2 zero, where they have been ever since. I don't want any long duty letters, if you don't care to write to me any more, don't and I will try to bury my hurt pride and love as best as I can. I don't care much about the schooners and the tide, the sheriff and his bride, but I do want to know what you are doing, when you go to bed, when you get up, where you walked those six miles. What are you doing all the time? Why didn't you go over to Whashabucket and see the pines gathered yourself? Why didn't you arrange about the plumbing yourself and not “appear not to have anything to say” about it and to leave it all to Mr. McCurdy and Mrs. Bell. I don't want Mr. McCurdy to manage the house and place for us. I want you to do it. Forgive me for railing but I do feel dreadfully sore. I miss you so much, feel so lonely without you, want so much to write every day and tell you about everything and think you care, but after waiting long days here comes a long letter without one inquiry after us, one hint that the thought of us is anything but a nuisance since decency compels you to write.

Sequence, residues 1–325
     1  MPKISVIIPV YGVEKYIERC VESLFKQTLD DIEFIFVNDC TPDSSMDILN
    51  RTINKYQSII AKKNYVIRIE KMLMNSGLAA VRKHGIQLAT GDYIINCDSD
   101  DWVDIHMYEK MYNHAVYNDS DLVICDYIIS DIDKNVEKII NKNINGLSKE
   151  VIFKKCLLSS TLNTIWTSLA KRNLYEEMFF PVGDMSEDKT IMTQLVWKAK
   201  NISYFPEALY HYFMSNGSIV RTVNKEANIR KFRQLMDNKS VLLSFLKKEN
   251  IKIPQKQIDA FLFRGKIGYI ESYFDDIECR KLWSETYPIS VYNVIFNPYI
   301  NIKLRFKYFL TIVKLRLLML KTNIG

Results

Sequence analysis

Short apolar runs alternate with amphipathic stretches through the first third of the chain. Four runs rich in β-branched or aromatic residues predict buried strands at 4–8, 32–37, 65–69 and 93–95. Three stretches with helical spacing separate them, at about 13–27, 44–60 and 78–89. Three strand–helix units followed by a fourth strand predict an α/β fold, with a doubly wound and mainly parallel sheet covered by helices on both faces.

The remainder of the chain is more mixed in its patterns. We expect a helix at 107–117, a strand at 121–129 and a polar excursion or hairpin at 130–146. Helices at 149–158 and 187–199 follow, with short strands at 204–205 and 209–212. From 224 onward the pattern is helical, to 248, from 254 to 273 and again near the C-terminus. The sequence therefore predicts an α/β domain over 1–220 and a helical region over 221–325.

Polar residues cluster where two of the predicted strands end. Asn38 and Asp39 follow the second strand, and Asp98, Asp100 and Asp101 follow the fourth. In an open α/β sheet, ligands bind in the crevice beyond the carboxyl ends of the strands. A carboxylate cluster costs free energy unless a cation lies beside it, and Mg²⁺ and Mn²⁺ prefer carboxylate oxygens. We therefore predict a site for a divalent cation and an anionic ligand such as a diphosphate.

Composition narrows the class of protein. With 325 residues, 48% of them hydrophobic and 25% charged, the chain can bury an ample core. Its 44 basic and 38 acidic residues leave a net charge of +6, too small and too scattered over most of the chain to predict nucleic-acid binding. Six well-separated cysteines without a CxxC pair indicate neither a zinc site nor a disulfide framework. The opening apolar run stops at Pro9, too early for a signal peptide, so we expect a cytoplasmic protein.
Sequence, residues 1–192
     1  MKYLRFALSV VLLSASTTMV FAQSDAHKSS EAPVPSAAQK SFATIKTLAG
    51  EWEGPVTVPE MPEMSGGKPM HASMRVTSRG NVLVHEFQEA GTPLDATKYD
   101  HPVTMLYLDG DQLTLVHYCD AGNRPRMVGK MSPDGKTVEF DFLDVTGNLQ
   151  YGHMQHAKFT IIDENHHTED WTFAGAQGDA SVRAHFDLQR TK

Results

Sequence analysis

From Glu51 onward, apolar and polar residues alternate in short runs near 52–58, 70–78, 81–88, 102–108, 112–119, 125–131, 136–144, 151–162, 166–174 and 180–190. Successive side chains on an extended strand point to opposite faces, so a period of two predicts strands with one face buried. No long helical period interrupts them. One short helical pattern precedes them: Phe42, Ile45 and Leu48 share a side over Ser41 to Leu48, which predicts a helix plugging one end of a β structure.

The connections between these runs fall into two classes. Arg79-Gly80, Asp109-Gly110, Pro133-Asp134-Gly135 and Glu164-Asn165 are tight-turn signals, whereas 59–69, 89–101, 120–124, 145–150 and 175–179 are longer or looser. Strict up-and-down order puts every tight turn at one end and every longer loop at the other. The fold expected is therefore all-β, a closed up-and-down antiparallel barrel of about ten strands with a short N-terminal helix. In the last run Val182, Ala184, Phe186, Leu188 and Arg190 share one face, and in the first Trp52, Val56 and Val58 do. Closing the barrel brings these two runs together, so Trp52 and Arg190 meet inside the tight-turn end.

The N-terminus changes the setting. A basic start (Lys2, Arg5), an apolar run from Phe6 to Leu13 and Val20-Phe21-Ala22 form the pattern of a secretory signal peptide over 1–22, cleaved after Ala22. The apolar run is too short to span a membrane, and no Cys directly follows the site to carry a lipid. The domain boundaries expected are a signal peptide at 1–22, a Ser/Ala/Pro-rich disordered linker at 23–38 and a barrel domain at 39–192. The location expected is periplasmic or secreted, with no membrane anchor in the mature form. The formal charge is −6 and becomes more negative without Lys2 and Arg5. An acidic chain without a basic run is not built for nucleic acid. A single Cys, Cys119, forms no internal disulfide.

I am dreadfully disappointed in both Mr. Everett and Mr. Barry's plans. Won't you try Mr. Jacques. I like his the best so far. He is the one that put the bath room over the parlor. Mr. Everett as far as I can see hasn't one idea either of yours or mine. I am discouraged and want nobody to help me but you. Why will you leave things to Mr. McCurdy and Mr. McInnis. Fancy the latter's telling the plumber that I wanted cold water faucets in all the bedrooms. Come home just as soon as you can. I miss you so dreadfully,